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Paradigm of Quantum Wave

At Nautilus: Electrons DO have a “rudimentary mind”

Panpsychists in science believe that nature is all there is but, they say, it includes consciousness as a fundamental fact of nature

A leading theory of consciousness, Integrated Information Theory (IIT) proposed by University of Wisconsin neuroscientist Giulio Tononi and championed by by another leading neuroscientist, Christof Koch, has clear panpsychist affiliations. It is favored by proponents of the idea that electrons are conscious. Whoa!, you say. How can electrons be conscious? Wouldn’t they at least need a brain to be conscious? Let’s hear an explanation from proponent Tam Hunt (right) at Nautilus: You might see the rise of panpsychism as part of a Copernican trend—the idea that we’re not special. The Earth is not the center of the universe. Humans are not a treasured creation, or even the pinnacle of evolution. So why should we think that creatures with brains, like…

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Shaved male nape and a lot of usb cables connected to it. Concept of dependence in thinking and information

AI Expert: Artificial Intelligences Are NOT Electronic People

AI makes mistakes no human makes, so some experts are trying to adapt human cognitive psychology to machines

David Watson of the Oxford Internet Institute and the Alan Turing Institute has published an interesting and quite readable paper in Minds and Machines on the way in which artificial intelligence experts often endow their creations — mistakenly — with human characteristics. In his open access paper, “The Rhetoric and Reality of Anthropomorphism in Artificial Intelligence,” he fills us in on some of the limitations of AI and proposes fixes based on human thinking. First, thinking that AI is like a human or about to become like a human is not new: The biomimetic approach to AI has always inspired the popular imagination. Writing about Rosenblatt’s perceptron, the New York Times declared in 1958 that “The Navy has revealed the…

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Groupe de Bonobos autour d'un hôtel à insectes

Can Animal Minds Rival Humans Under the Right Circumstances?

Are we just not being fair to animals, as some researchers think?

In 2007, Sue Savage-Rumbaugh, a psychologist and primatologist , published a paper in the Journal of Applied Animal Welfare Science with a remarkable citation: Sue Savage-Rumbaugh, Kanzi Wamba, Panbanisha Wamba, and Nyota Wamba, “Welfare of Apes in Captive Environments: Comments on, and by, a Specific Group of Apes,” Journal of Applied Animal Welfare Science 10:1 (2007): 7–19. What is remarkable about the paper is not the text but the authorship statement. Kanzi, Panbanisha, and Nyota Wamba are not co-author colleagues—they’re apes, bonobos to be specific. Dr. Savage-Rumbaugh (right) is a controversial scientist who believes that animals have intellectual powers that can, under the right circumstances, rival the human intellect. She included her ape subjects as co-authors on the paper because…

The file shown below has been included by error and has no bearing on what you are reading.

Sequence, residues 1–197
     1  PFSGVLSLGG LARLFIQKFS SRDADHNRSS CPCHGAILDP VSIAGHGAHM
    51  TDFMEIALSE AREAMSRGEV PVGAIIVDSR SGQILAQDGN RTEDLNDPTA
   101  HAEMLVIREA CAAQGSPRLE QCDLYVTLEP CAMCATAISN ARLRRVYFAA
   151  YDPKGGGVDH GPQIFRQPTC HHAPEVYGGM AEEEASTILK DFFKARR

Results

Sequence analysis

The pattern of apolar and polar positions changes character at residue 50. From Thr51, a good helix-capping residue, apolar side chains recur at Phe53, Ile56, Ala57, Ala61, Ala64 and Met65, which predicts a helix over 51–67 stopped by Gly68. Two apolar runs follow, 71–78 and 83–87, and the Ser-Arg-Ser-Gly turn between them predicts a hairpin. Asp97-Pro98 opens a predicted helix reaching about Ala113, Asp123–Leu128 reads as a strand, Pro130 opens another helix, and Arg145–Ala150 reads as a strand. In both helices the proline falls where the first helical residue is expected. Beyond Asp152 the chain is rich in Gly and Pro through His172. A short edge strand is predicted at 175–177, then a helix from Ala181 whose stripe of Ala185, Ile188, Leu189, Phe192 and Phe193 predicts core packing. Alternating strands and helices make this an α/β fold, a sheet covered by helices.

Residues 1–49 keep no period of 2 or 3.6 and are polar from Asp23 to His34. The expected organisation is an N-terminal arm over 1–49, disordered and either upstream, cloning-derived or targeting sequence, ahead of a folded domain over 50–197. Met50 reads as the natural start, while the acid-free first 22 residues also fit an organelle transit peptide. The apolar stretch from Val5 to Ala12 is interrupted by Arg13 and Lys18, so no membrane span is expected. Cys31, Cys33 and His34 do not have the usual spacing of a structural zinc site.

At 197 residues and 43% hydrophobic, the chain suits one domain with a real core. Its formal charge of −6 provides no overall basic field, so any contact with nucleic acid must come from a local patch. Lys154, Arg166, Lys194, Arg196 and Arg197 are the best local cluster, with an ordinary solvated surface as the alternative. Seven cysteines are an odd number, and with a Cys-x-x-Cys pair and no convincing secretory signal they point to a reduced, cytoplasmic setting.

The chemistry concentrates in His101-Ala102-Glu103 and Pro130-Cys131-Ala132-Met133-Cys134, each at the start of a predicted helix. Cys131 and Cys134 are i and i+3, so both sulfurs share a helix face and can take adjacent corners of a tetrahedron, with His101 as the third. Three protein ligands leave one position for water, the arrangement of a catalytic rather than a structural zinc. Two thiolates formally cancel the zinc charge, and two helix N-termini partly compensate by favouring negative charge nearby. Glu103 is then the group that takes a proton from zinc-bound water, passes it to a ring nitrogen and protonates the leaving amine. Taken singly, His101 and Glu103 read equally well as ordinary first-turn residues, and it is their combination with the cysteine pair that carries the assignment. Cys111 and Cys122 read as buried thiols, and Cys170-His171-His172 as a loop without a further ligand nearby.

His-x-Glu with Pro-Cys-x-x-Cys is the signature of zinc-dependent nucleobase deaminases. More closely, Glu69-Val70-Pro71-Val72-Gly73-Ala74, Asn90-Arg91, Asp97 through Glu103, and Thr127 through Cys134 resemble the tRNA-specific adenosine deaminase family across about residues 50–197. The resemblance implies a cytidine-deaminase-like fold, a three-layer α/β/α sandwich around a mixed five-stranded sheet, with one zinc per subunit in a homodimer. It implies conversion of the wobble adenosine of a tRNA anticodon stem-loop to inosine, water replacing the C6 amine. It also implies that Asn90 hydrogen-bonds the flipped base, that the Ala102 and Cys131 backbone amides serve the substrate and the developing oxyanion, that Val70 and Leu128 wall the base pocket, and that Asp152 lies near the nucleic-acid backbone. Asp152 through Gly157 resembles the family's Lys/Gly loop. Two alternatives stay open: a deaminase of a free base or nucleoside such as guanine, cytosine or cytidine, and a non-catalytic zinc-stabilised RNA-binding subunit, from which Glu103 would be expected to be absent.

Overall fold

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Doctor demonstrating human brain anatomy and MRI brain on background

Can We Develop Tests of the Brain for Consciousness?

The paper proposing the tests reads like an ambitious but hopeless project that offers some genuinely interesting moments.

In a recent, well-organized paper, neuroscientist Christopher Tyler of the Smith-Kettlewell Eye Research Institute in San Francisco offers not only ten features that comprise consciousness but also empirical tests for such features. He hopes to finally crack the Hard Problem of Consciousness by dividing consciousness up into component parts and studying associated brain functions. He calls his approach Emergent Aspect Dualism. He hopes to reconcile monism (physical nature is all there is) with dualism (consciousness is not physical). With that in mind, he hopes to identify the physical machinery that rolls out consciousness, the “neural substrate for conscious processing (NSCP).” But he also hopes to borrow as much from dualism as he can, perhaps in part in order to avoid…

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person sitting in front of boy

Which Is Smarter? Babies or AI? Not a Trick Question

Not a Trick Question
Humans learn to generalize from the known to the unknown without prior programming and do not get stuck very often in endless feedback loops. Read More ›
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brown monkey macro photography

Do Animals Truly Grieve When Other Animals Die?

Yes, but “death” is, in some ways, an abstraction so there are only some things they understand about it

Anthropologist Barbara J. King, author of How Animals Grieve (2014), has written a thought-provoking essay on the difficulties that COVID-19 has created for people coping with the death of a loved one because they are not allowed conventional grieving methods. Although it is titled “Animal Grief Shows We Aren’t Meant to Die Alone,” King’s essay turns out to be appropriately skeptical of ambitious claims about animal grief. She writes, There is a popular perception that some animals, particularly elephants and crows, participate in their own kinds of funerals. But there’s little solid evidence—at least, so far—for this kind of community ritual. Elephants may occasionally cover a dead companion’s body with leaves or branches, but the meaning and intent of this…

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Breaking Through Concept

Michael Egnor: Denying Free Will Is Totalitarian

Specifically, “The denial of free will is the cornerstone of totalitarian systems.” That’s what he told podcaster Lucas Skrobot in the second of two podcast discussions: Dr. Michael Egnor | Free Will and Totalitarian Ideologies (Part 2 of 2) [E152] Neurosurgeon Michael Egnor has written a fair bit on free will for Mind Matters News. Here are some selections to consider: No free will means no justice: “Free will is the cornerstone of all human rights and the cornerstone of our Constitutional rights. The denial of free will is, literally, the denial of human freedom. Without free will, we are livestock, without the presumption of innocence, without actual innocence, and without rights. A justice system that has no respect for…